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Spiritual recovery

04 November 2016

Ted Harrison on the pilgrimage of a medic struggling with prayer

The Journey: Spirituality, pilgrimage and chant

J. Richard Smith

DLT £9.99


Church Times Bookshop £9


”PHYSICIAN, heal thyself,” the proverb quoted by Jesus in St Luke’s Gospel, came to mind as I read The Journey by Richard Smith, an eminent gynaecological surgeon.

After a divorce and illness, which he describes as a seriously mind-focusing experience, he writes of discovering a spiritual life to com­ple­ment his practice of scientific medicine.

The teenager, who drifted away from the Church of Scotland, redis­covered faith as an adult within the Anglo-Catholic tradition.

The book is based on accounts of pilgrimage to four of the most evocative destinations in Christen­dom: the Holy Land, Assisi, Patmos, and Iona. He admits to travelling like a typical Brit abroad. He laughed along with two Patmos youths, amused by the sight of him hiking past with walking poles, back­­pack, and striped scarf wrapped over his head.

At most of the pilgrimage sites he visited, he found himself attuned to their sacredness. Even in the throng­­ing crowds of the Holy Sepulchre Church in Jerusalem, he knew he was, to use a Celtic term, in a “thin place . . . where he sensed God very strongly”.

Only in Bethlehem did he fail to discover holiness. The oppressive security and obvious poverty made him uncomfortable. On a rushed visit, he admits to being tourist rather than pilgrim, “in the wrong frame of mind” to appreciate Jesus’s birthplace.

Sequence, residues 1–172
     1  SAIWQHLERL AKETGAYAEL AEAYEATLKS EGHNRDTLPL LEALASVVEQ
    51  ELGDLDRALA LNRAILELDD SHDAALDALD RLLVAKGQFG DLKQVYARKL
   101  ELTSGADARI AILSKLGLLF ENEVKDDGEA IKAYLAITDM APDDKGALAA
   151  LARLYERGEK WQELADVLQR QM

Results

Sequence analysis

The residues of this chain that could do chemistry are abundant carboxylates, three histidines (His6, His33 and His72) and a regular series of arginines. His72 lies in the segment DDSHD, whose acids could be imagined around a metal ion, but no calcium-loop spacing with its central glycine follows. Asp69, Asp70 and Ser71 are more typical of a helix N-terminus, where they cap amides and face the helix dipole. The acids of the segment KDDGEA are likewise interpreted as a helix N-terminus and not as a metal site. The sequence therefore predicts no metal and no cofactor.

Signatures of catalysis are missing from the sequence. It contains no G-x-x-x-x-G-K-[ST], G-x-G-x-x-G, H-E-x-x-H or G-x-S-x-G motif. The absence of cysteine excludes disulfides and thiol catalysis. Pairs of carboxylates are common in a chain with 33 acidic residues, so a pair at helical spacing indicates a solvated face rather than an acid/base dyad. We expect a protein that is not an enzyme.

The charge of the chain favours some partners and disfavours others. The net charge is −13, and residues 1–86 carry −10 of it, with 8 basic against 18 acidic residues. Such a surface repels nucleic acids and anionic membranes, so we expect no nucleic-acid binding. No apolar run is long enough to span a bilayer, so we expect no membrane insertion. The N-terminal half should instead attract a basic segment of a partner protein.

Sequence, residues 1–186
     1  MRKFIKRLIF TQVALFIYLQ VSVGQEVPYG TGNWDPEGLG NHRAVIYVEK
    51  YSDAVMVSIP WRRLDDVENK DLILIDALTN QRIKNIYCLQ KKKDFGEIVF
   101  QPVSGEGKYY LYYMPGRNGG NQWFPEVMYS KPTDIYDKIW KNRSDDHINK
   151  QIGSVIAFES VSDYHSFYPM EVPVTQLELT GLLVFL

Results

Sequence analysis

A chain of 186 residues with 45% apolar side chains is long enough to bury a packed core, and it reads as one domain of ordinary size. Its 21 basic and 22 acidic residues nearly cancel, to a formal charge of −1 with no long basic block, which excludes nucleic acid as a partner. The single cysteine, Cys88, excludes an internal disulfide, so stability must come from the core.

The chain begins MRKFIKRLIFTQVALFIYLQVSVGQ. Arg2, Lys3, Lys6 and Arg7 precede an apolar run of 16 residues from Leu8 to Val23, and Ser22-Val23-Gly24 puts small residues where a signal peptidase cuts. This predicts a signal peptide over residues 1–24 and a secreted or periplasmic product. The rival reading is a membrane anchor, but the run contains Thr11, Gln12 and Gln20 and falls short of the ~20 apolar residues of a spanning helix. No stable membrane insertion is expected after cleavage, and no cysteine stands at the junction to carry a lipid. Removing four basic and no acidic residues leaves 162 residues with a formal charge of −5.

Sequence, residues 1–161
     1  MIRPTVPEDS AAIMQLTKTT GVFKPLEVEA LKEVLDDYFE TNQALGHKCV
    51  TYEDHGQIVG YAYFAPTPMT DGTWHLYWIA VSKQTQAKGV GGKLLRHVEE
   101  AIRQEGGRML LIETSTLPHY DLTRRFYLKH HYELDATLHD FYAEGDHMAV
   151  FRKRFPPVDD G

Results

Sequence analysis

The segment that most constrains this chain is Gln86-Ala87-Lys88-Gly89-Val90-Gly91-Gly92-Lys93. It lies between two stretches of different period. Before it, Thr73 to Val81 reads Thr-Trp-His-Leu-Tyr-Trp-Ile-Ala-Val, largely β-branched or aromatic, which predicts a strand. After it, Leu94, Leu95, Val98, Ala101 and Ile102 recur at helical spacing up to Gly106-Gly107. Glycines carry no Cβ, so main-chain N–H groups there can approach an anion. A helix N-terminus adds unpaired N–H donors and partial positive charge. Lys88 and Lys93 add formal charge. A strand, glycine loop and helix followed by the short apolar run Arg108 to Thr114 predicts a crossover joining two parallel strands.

Smith enjoys elaborate high-church liturgies, and yet the scientist inside him has struggled with prayer. The discovery of Christian meditation through chanting released his inhibitions. He provides fascinating insights into a new medical understanding of the effects of meditation, acknowledging how the heart literally, and not just metaphorically, contributes to our emotions.

In a revealing story, Smith describes addressing a patients’ meet­ing. After his medical talk, he said he would like to speak about spirit­uality and religion. “The response was amazing. One woman shouted ‘this is what we want to talk about.’”

Medical staff fear for their liveli­hoods if they discuss matters of the spirit with patients, but in not doing so we let many people down, he concludes. This is a book highly recom­mended to be read by atheists.


Ted Harrison is a former BBC religious-affairs correspondent.

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